(3) Be a Role Model
Look at yourself in the mirror and ask yourself are you the person that you’d want your kid to be? That’s a tough question. I had to ask that of myself when my kid got himself into trouble. Yes he made the choice to do wrong, but what role did I play in allowing him to believe that wrong could be right?
When I confronted my son about his poor choices, his response was “well Dad you did xxxx when you were young.” He spoke the truth. It was then that I dedicated myself to being transparent with my two sons. I may not be perfect, but I am capable of modeling behavior that is both healthy for me and for them.
By the way, being honest is really easy in one sense. At least when you are, you don’t have to try to remember the lie so you don’t get caught in a lie.
(4) Allow teens to be a part of Setting Boundaries
Rules are funny things – it’s far more difficult to break rules that you are instrumental in setting!
My wife said to me not long ago, “you tend to drive too fast.” OK – she’s right. I admit it. Then she followed her comment up with “if you could set the speed limit what would it be?” Now that was a dandy question. It’s not that I don’t thing there should be a limit – I believe in speed limits. I just think they are set too low.
As I write this article I am flying back from Amarillo, Texas from a wonderful program called Leadership Perryton (best municipal leadership program I’ve seen). On the way to Perryton I noticed that the speed limit was 75. That’s the speed I normally drive on the interstate highway. Funny I didn’t speed…cause the boundary made sense.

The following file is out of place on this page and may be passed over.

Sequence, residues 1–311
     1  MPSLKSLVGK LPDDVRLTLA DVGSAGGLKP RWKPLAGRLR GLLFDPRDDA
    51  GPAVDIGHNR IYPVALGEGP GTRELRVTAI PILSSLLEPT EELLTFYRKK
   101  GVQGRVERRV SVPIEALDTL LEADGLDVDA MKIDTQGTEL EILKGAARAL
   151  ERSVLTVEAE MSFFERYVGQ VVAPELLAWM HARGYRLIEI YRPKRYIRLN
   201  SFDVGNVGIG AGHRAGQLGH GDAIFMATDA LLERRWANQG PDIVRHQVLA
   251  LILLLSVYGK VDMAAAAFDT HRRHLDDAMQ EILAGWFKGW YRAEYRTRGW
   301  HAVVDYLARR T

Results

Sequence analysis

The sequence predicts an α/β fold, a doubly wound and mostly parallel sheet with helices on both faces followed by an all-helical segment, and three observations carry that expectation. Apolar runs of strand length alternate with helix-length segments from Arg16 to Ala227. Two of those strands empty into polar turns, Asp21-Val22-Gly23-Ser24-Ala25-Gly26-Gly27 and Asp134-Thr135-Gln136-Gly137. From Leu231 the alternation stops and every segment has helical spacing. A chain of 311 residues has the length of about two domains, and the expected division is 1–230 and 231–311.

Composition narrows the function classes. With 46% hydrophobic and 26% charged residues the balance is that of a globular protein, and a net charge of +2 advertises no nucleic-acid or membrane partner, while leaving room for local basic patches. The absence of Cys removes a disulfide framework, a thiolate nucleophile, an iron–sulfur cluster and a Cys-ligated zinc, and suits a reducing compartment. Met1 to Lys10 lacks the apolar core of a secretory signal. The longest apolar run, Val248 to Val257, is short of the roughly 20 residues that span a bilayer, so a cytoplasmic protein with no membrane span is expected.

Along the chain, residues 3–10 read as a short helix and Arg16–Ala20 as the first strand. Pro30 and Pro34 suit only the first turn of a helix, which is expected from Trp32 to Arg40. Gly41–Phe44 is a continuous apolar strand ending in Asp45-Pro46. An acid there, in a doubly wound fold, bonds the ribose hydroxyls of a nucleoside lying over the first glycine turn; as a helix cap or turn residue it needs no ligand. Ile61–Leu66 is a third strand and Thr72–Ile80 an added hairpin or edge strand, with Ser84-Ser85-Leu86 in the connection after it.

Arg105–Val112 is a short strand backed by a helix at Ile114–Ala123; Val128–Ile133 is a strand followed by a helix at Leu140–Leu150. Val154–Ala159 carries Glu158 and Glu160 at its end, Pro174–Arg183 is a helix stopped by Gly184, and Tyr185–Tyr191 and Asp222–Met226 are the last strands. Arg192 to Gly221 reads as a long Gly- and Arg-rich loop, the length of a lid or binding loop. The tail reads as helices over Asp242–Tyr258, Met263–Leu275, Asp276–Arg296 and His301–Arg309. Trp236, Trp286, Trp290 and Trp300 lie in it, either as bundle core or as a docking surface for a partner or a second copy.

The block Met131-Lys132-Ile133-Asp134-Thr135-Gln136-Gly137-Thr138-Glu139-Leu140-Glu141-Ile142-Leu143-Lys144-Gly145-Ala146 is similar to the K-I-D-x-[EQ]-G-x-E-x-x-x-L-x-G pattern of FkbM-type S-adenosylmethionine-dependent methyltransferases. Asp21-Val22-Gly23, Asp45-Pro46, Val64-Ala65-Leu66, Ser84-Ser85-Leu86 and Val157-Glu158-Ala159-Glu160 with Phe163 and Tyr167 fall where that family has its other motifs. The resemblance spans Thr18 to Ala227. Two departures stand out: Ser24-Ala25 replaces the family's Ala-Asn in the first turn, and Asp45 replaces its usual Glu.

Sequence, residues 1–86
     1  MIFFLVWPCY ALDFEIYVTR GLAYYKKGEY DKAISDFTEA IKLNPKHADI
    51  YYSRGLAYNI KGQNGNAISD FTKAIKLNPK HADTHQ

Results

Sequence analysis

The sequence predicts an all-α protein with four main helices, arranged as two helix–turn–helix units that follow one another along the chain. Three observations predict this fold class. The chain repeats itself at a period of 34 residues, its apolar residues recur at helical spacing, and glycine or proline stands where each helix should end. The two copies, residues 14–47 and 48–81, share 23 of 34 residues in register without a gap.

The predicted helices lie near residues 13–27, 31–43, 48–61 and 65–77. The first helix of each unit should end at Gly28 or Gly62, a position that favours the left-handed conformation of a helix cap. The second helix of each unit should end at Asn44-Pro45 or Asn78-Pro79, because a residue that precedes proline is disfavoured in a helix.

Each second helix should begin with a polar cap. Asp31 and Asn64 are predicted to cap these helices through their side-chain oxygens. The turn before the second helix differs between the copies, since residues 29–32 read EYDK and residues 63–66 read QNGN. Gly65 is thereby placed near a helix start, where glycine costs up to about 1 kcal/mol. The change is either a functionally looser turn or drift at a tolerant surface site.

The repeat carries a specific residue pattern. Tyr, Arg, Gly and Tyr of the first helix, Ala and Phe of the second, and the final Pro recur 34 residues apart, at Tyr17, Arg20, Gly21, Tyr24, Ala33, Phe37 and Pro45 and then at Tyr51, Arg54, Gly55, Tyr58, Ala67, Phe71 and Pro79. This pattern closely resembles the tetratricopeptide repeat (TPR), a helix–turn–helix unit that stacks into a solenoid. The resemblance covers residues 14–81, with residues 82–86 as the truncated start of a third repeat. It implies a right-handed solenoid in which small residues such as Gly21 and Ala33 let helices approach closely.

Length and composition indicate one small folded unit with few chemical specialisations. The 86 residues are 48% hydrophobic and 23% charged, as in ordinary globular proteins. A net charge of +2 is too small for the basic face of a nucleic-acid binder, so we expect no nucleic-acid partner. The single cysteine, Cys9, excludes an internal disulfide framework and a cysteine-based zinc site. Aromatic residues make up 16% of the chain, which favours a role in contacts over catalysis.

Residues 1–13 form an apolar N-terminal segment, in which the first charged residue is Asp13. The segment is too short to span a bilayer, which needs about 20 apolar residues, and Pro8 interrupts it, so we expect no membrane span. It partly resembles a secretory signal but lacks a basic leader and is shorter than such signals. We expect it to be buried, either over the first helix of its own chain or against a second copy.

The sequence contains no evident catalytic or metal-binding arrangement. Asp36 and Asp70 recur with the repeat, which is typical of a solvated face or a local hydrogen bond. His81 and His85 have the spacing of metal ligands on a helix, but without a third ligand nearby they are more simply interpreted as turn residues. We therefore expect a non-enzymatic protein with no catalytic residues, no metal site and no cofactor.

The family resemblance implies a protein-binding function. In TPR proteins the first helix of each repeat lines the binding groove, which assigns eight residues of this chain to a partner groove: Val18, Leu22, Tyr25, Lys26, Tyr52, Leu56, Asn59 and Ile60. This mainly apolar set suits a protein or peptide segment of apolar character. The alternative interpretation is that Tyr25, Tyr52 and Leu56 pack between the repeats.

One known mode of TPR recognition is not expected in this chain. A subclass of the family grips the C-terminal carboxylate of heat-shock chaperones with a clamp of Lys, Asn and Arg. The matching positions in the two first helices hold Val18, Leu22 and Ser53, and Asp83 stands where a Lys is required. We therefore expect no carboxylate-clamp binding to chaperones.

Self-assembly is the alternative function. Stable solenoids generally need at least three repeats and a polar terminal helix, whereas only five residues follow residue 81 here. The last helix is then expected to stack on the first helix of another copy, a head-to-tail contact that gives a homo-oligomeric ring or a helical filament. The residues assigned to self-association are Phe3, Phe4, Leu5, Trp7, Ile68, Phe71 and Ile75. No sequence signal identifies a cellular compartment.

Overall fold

The same principle applies when it comes to boundaries that our youth must follow. As parents we can be the autocrat and establish the “rules” – realizing that those rules may also create resentment and motivation to lie. The alternative is to have an open dialogue about what is reasonable and as youth demonstrate their capability with handling more responsibility more opportunity will be given.
(5) Speaking of Responsibilities – what about Privileges?
If we believe in training early then lets train our kids to accept the concept that with responsibility comes privileges.
Our granddaughter is being taught well by her parents the value of responsibility and privilege. Her dad created a little business – chickens and eggs (ok I get not everyone can do something like this, but keep an open mind here). Our granddaughter is learning bit by bit the work that is required to care for her chickens which, by nature, produce the eggs. As free range chickens, the eggs are in demand and the money that is made is divided three ways: (1) 10% for church; (2) 20% for savings and (3) the remainder saved for use at a later time – Christmas presents and the like.
Here’s the significance of what I’ve been able to see thus far – our granddaughter places value of what she does and what it provides her. She is learning what so many of us missed (at least I did in my formative years) and that is money doesn’t grow on trees or what you get doesn’t come from debt.
Beyond the financial lessons – she is learning that the more she is responsible the more her parents trust her to have outside of the house privileges. Relationships are built and based on trust. The more your kids can trust you to trust them the greater the chance that they will honor that trust by making the right choices and by telling the truth.
Life in the fast lane was a cool song, but today, especially for our youth, it is a way of life and unfortunately there are far too many competing items for our kids attention. Let’s not give our teens a reason to turn to outside influences. Be honest. Create a foundation of trust. Set a positive example and know that the pay off for your hard work will be the creation of a foundation that a child can stand firmly on as they grow and develop into an adult.
YOUR COMMENTS ARE WELCOME!